In Search of Color: Kinemacolor and Technicolor

Programme curated by Gian Luca Farinelli
Notes by Paola Cristalli, Miguel Marías, Andrea Meneghelli e Luke McKernan


The third year of this section, and it’s difficult for me to imagine that it won’t continue next year. Seeing the true colours of Technicolor on the screen of the Arlecchino is always a rich emotion; it’s like a balsam for our eyes, poisoned by digital versions that often stray from the colours and depth of the originals. Because the dye transfer copies don’t just have transparent, bright and amazing colours, they also have brilliant whites and deep blacks that give the images a richness and an engraved precision that makes us think of three-dimensionality.
This section is essential for a variety of reasons. Firstly, it demonstrates the importance of cinema archives, by making it clear that what they conserve can never be reproduced. When reproducing a Technicolor copy, it must be taken for granted that the result will be a pallid imitation. Like swapping Marilyn for Mamie van Doren, or worse, Paris Hilton.
In theory it’s true that a festival can be repeated, for example, over the internet; however, if you want to see the colours of a vintage 35mm Technicolor copy, you have to be in the Arlecchino straight after lunch.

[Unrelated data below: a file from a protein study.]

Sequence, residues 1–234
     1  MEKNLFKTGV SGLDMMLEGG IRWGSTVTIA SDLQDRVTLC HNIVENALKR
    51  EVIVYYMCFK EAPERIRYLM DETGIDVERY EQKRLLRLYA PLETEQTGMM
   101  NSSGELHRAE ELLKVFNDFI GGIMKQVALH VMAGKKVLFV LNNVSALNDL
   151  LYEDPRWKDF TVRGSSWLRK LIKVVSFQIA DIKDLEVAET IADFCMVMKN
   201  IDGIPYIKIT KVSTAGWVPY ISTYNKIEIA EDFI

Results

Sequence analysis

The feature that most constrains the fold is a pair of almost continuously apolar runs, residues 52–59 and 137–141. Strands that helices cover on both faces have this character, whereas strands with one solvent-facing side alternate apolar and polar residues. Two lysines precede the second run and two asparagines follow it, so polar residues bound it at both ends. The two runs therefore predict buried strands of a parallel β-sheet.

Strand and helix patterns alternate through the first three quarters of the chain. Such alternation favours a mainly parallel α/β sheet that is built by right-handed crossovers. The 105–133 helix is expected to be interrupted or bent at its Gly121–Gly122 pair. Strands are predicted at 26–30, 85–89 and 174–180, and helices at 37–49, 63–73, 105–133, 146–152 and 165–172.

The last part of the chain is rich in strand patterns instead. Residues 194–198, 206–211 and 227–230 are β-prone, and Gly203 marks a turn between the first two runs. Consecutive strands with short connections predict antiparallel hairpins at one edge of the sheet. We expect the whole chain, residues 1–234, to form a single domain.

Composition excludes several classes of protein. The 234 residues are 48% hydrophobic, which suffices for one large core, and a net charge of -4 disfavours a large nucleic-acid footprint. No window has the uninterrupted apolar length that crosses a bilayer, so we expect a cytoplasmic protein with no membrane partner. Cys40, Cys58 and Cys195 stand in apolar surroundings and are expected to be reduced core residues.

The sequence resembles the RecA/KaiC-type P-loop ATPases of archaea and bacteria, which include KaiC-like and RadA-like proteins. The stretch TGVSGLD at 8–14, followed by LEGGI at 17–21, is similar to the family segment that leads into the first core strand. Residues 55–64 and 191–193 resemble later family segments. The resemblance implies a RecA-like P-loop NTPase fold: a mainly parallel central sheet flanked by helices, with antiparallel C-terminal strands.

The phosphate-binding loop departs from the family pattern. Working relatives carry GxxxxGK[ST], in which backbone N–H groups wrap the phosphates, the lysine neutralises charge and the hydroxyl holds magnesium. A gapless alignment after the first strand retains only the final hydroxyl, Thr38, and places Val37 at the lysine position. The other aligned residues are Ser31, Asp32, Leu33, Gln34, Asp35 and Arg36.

After last year’s performance, we know that the séance in which Michael Pogorzelski takes us into the Techincolor dye transfer laboratory on Cahuenga Boulevard will be one of the most unrepeatable moment of the festival.
Once again this year, the Academy’s contribution is crucial to the success of this section, as it brings to Bologna three of Douglas Sirk’s masterpieces, in which the very soul of the films is colour. In turn, the Cinémathèque française will allow us to see its copy – not an original from 1939, but a dye transfer from a few years later – of Drums Along the Mohawk, Ford’s first colour film and, as Jacques Lourcelles recalls, “without doubt the most ‘moulded’ work of his entire career: a succession of sublime and familiar scenes”. An even more surprising film when one considers that Ford also made two black and white masterpieces that same year, Stagecoach and Young Mr. Lincoln. Rancho Notorious comes from the collection of Jean-Pierre Verscheure, a long-time friend of Cinema Ritrovato. Not only is it a fantastic film, it also has colours that etch themselves into the memories of even the most forgetful of cinema-lovers.
Technicolor was also the realm of the cinematographer. Therefore, I would also like to dedicate this section to one of the great cinematographers, Carlo Di Palma. We have restored Blow-up, a film on which he worked with unique chromatic inventiveness. A digital restoration supervised by one of today’s great Italian cinematographers, Luca Bigazzi.
To complete the selection, a 90-minute programme of Kinemacolor films, without doubt the longest to be screened in a cinema theatre since the 1910s! A programme that would not have been possible without digital technology or the careful work undertaken by the experts at L’Immagine Ritrovata laboratory, who approached the work with a philological attention to the system’s original imperfections.

Gian Luca Farinelli


Photo: All That Heaven Allows by Douglas Sirk (1955)